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Who Was Your Ancestor? Take Off the Name Tag!

(from Kimberly Powell’s About Genealogy Weekly Column 4-28-2015)

What makes family history research fun (at least in my opinion) is not really learning our ancestors’ names. It is learning who they were as a person. If you take off their name tag, can you still pick them out from the rest of the crowd?

What Did He do for a Living?
Do you know what your ancestors did for a living? An individual’s occupation may give insight into their social status or to their place of origin. Occupations can also be used to distinguish between two individuals of the same name, often an essential requirement in genealogy research. Certain skilled occupations or trades may have been passed down from father to son, providing indirect evidence of a family relationship. It’s even possible that your surname derives from the occupation of a distant ancestor.

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Online Social History Sources for Genealogists
You can’t completely understand your ancestors without studying the history of the times and places in which they lived. Social history can help you to understand your ancestors’ motivations and decisions, and the factors which influenced them. It can also help you to fill in the gaps in their stories that are left by more traditional records. Breathe life into your ancestral stories with the help of these online social history resources.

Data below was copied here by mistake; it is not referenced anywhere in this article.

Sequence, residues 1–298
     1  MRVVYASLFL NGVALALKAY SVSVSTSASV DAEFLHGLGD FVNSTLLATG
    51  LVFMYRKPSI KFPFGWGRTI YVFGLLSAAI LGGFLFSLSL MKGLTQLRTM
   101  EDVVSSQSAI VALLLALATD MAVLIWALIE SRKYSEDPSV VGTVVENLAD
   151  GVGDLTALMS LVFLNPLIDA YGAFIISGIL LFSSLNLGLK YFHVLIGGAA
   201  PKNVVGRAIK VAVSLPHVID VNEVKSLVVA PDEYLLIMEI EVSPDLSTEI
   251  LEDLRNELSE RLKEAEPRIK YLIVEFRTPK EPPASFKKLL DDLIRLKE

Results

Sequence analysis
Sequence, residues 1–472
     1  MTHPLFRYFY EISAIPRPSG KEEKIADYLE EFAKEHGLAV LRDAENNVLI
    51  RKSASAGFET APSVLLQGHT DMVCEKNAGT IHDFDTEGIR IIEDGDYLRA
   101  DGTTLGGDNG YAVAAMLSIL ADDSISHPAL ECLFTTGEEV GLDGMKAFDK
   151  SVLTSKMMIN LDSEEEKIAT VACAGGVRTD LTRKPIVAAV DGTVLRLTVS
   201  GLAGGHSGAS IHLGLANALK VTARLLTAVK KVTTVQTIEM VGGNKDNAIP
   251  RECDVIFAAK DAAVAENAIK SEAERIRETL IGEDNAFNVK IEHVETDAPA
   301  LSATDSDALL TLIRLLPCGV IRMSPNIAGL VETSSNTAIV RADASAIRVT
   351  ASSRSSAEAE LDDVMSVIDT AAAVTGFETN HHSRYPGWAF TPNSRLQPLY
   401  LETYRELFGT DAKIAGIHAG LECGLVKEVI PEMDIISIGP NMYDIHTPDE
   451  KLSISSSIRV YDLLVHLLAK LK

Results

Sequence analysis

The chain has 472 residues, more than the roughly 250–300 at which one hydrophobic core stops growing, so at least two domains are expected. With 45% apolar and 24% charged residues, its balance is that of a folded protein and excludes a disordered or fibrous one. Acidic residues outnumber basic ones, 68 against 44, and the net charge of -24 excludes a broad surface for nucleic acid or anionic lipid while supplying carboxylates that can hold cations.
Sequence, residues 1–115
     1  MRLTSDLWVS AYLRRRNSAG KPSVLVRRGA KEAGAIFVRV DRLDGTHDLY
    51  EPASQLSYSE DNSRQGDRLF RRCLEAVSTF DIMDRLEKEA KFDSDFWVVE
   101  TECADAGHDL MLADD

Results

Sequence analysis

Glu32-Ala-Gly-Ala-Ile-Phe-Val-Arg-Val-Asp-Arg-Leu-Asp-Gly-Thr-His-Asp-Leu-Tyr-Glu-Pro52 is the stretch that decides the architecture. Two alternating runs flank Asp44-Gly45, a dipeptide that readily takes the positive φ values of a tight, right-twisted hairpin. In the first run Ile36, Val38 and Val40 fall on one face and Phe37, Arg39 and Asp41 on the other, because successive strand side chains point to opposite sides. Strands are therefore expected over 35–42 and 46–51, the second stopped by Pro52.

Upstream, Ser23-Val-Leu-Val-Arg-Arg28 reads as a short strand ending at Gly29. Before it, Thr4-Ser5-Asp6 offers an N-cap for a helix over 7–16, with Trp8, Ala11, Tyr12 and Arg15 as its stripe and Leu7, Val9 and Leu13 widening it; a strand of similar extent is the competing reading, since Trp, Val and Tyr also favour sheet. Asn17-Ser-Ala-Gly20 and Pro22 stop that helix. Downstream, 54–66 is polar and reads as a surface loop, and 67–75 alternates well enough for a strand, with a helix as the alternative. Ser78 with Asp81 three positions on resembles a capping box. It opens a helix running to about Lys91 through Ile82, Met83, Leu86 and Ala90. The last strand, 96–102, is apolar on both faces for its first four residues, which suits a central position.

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Understand the Community…
Each town, whether in America, England, Canada or China, has its own story to tell. Sometimes the great events of history will have affected the community, while other times the community will have generated its own fascinating dramas. Researching the local history of the town, village or city where your ancestors lived is a big step toward understanding what their life was like – the people, places and events that impacted the course of their own personal history.

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Do Not Forget the Living!
The next time you get together with relatives, try these 10 tips for making the conversation flow and getting family stories that will be treasured forever. Also see 50 Questions to Ask Your Relatives.

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